Miles off, a storm breaks. It ripples to our room.
You look up into the light so it catches one side
Of your face, your tight mouth, your startled eye.
You turn to me and when I call you come
Over and kneel beside me, wanting me to take
Your head between my hands as if it were
A delicate bowl that the storm might break.
You want me to get between you and the brute thunder.
Settling on your flesh my great hands stir,
Pulse on you and the then, wondering how to do it, grip,
The storm rolls through me as your mouth opens.
As many of you know, I have previously posted several of Ian Hamilton’s poems, and in fact, intended to stop at his Prayer. But I have continued reading his work and cannot stop myself from posting a few more of his poems that I have come to admire.
This is an incredible poem. It builds tension so quickly that it really does feel like a storm is coming. But it is the interaction between the two characters of ‘the voice’ and ‘the other,’ that is amazing here. The voice calling for the fearful other, the gentle touching, the clear insight into the fear that is felt. Obviously there is kindness, empathy, love and trust, but then, at the end, as with all of Hamilton’s poetry, total and complete honesty and the explosion of an unexpected reality of pain, sorrow and regret.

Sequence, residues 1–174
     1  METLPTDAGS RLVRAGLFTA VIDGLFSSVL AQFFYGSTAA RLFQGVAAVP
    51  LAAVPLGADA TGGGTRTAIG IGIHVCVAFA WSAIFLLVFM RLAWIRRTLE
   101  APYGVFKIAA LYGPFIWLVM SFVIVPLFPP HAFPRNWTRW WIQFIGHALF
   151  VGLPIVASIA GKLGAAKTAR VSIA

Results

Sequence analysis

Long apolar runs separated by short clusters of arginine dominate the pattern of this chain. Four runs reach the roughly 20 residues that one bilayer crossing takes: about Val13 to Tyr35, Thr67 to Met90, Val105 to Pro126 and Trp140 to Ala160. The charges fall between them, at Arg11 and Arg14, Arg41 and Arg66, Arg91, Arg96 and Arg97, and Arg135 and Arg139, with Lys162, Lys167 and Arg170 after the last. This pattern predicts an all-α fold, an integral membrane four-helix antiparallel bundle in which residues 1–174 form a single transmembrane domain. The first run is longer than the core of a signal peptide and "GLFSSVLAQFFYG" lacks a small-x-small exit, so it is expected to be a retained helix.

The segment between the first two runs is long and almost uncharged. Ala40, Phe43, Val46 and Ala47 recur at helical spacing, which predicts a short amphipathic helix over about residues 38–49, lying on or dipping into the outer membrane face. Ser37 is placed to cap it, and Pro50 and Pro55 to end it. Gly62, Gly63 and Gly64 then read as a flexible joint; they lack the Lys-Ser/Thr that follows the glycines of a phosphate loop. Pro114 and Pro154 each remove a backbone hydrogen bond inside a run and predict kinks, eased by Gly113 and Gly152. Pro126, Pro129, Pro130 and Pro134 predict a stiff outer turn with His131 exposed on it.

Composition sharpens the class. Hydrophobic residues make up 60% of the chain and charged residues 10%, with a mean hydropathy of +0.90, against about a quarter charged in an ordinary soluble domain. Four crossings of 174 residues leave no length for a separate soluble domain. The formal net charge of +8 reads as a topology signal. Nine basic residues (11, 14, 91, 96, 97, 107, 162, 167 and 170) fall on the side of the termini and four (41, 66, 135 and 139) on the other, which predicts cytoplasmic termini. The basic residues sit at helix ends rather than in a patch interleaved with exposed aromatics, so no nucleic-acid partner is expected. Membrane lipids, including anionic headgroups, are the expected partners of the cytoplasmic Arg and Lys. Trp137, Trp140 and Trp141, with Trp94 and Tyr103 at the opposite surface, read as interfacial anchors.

I am not sure what the storm really was, although I suspect it is Hamilton’s first’s wife’s mental illness. But it doesn’t matter. This poem is so cathartic in nature that it expands into all human existence. Anyone who has loved and felt the beloved’s pain understands this poem well. All too well.
Click here for a list of the other Ian Hamilton poems on the Book of Pain.
For more on Ian Hamilton, I refer you to: his Wikipedia page.
Thank you for reading Ian Hamilton’s “The Storm”. I sincerely hope you have enjoyed it and I humbly appreciate your visiting the Book of Pain. As always, I look forward to your comments.
Comments © 2013 by John Etheridge; all rights reserved.